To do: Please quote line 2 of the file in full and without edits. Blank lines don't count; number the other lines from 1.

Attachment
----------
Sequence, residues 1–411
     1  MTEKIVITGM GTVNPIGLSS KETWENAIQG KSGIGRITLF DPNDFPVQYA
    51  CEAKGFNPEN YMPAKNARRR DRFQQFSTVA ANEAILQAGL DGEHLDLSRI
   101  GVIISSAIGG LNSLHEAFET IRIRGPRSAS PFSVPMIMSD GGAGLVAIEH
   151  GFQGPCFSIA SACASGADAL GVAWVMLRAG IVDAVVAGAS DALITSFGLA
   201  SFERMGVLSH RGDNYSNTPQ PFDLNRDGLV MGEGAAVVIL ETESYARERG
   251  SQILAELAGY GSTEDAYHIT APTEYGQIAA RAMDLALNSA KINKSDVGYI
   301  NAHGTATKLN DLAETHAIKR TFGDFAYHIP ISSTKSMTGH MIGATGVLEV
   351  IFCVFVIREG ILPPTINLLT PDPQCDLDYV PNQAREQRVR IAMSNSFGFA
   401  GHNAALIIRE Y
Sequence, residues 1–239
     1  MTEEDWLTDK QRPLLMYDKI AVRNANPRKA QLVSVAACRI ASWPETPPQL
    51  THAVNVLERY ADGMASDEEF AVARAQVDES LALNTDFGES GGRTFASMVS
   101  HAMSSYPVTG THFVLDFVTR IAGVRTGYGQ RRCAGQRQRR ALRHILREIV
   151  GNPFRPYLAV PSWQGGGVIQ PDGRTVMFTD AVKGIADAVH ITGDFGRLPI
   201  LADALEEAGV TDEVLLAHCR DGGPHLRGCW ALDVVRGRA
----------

     1  MTEKIVITGM GTVNPIGLSS KETWENAIQG KSGIGRITLF DPNDFPVQYA